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September 23 2000
India squeeze past Spain
The Rediff Team
India defeated Spain 3-2 in its Pool B match in the men's hockey event at the hockey centre in Sydney. That is the good news.
The bad news is that the quality of India's play on the day is likely to give serious worries to coach Bhaskaran, and to Indian hockey fans hopeful of seeing the team progress into the semifinals, and beyond.
The statistics alone are alarming - - Spain, which enjoyed possession for most of the game, had 10 tries at goal (converting one) to three tries by India (no conversions). Spain also had 7 penalty-corners to India's three, though here the silver lining for India lay in the fact that India converted two of its three penalty-corners.
The problem for India lay in the defence and midfield, where, yet again, Ramandeep Singh proved to be a very weak link. This led to the Indian goal coming under pressure early, and often - - which in turn forced Dhanraj Pillay and, to a lesser extent, Mukesh Kumar, to fall back and help shore it up.
With Dhanraj playing deep in his own half for most of the game and only going forward on the breaks, the Spanish defence was rarely under pressure, which meant they could afford to come almost up to the half-line, and feed their forwards with a constant stream of passes.
India should in fact have been at least one goal down inside the first ten minutes. Pablo Pol Amat, always dangerous in the Spanish forward line, produced a brilliant run in the 10th minute and took a crack at goal, only for Jude Menezes to pull off a reflex save, just about managing to get his extended pad in the way of the goal-bound shot.
A penalty-corner resulted, though, and Menezes had to get back in the act, to keep the scoresheet blank.
India seems to have this habit of getting a second wind after an early save by Menezes, and here again, they dominated play for the next 15 minutes or so. This period brought India's first goal, when a dangerous Dhanraj move, picking up a loose ball and dribbling through the defence, saw the goalkeeper bring him down. A penalty stroke was given, and Dillon converted with a lifted push into the top right corner of the net.
Dhanraj almost made it 2-0 up with a fine solo down the centre off a Mukesh pass, but his hard shot on the run found the goalkeeper's pads.
In the 22nd minute, Spain equalised. A series of raids on the Indian goal finally produced a penalty corner, which Xavier Ribas converted on the second attempt.
India were forced to defend as Spain went on a flat-out attack after getting the equaliser. A Spanish goal seemed inevitable, but in their drive to go ahead, Spain let themselves open to the fast counter. One such, which saw three Indian forwards racing towards the opposition goal with only two defenders in opposition, ended in a penalty corner and, for the second time in succession, India converted - - this time, Dilip Tirkey taking the hit and striking clean.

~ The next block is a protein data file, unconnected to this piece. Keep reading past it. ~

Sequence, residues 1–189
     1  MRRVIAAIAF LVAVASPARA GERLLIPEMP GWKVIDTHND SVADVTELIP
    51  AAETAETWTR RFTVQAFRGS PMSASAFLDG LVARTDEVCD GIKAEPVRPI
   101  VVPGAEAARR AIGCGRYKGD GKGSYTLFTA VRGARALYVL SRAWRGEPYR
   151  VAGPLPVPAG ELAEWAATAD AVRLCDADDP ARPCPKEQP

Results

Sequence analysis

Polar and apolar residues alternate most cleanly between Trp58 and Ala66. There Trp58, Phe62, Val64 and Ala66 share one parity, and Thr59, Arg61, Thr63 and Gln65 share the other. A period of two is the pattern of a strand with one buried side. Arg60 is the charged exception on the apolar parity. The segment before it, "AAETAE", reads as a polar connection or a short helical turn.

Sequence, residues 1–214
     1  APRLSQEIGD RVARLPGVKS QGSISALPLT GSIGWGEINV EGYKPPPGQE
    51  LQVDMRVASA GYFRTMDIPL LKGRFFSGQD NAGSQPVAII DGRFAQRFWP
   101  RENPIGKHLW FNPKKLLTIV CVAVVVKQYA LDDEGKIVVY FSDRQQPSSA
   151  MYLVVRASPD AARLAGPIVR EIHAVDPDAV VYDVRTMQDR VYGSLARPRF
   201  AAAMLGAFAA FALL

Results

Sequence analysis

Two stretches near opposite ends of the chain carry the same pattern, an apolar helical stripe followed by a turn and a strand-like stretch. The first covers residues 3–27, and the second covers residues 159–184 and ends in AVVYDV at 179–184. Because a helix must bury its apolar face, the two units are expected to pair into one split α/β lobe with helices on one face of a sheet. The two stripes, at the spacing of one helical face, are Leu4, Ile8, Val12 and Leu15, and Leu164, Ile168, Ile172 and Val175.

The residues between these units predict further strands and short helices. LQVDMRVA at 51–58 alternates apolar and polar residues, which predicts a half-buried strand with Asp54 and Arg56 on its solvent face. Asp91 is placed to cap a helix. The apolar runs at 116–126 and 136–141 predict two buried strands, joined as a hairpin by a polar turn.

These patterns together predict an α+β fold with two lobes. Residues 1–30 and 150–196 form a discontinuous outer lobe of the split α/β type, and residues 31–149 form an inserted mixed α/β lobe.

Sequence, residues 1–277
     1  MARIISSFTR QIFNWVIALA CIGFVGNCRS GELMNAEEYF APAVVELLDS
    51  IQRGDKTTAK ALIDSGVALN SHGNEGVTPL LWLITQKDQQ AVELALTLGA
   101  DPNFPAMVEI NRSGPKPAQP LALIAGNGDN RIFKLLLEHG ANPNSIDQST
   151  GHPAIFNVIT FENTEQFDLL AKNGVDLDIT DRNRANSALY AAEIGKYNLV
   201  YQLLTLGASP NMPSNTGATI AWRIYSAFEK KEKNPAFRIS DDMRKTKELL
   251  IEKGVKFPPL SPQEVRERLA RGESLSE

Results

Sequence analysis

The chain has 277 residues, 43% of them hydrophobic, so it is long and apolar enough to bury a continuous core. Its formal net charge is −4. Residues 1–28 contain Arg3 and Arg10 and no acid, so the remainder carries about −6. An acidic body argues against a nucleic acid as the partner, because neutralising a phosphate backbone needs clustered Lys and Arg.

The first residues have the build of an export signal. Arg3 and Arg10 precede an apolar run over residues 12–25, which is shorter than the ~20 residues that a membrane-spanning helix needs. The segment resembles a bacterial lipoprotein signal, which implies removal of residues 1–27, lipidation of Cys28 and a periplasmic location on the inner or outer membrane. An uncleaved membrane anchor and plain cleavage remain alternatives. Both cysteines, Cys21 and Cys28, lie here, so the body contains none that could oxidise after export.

After the breather, India came out firing, and the first few minutes saw some good raids deep into enemy turf. One such move opened up the Spanish defence, and forced the foul that saw the referee whistle for the penalty-corner.
Dillon, who had earlier got India's first goal off a penalty stroke, converted, and India seemed to be sitting pretty at 3-1.
But then Spain launched its first offensive, the defence was ripped apart in the 48th minute, and Pep Sanchez, feeding off an Amat pass, slammed in to reduce the margin.
That shook the Indians, panic set in and, as in the first half, Dhanraj began playing deeper and deeper inside his own half, to cover for the defense. Once Dhanraj was effectively ruled out of the attack, Spain took over the midfield, using it as a launch pad to set its forwards off down either flank.
One expected the Indian goal to fall several times during this period, and only luck (a Xavier Ribas shot hit the post) and some sensational goalkeeping by Jude Menezes kept the Indian lead intact.
The last 15 minutes of the second half saw as many as half a dozen tries on the Indian goal by the marauding Spanish forwards - - the final whistle, with India hanging on to its 3-2 lead, thus coming as a huge relief for the Indian fans who had flocked to the stadium in big numbers.
Since in the final analysis it is the result that is important, India can delight in the three points it accumulated here, which put it on track for a semifinal place. India now needs a win in its final game, against Poland on Tuesday, to seal that berth.
But from the point of view of further progress in the tournament, it needs saying that unless the coach and the team can address the problem of a shaky defense, India's campaign could come to grief. That the defense is noticeably weak is bad enough - - when Dhanraj is forced to assist the backline, it also takes the sting out of the Indian attack, and that merely compounds a situation that is bad enough to start with.
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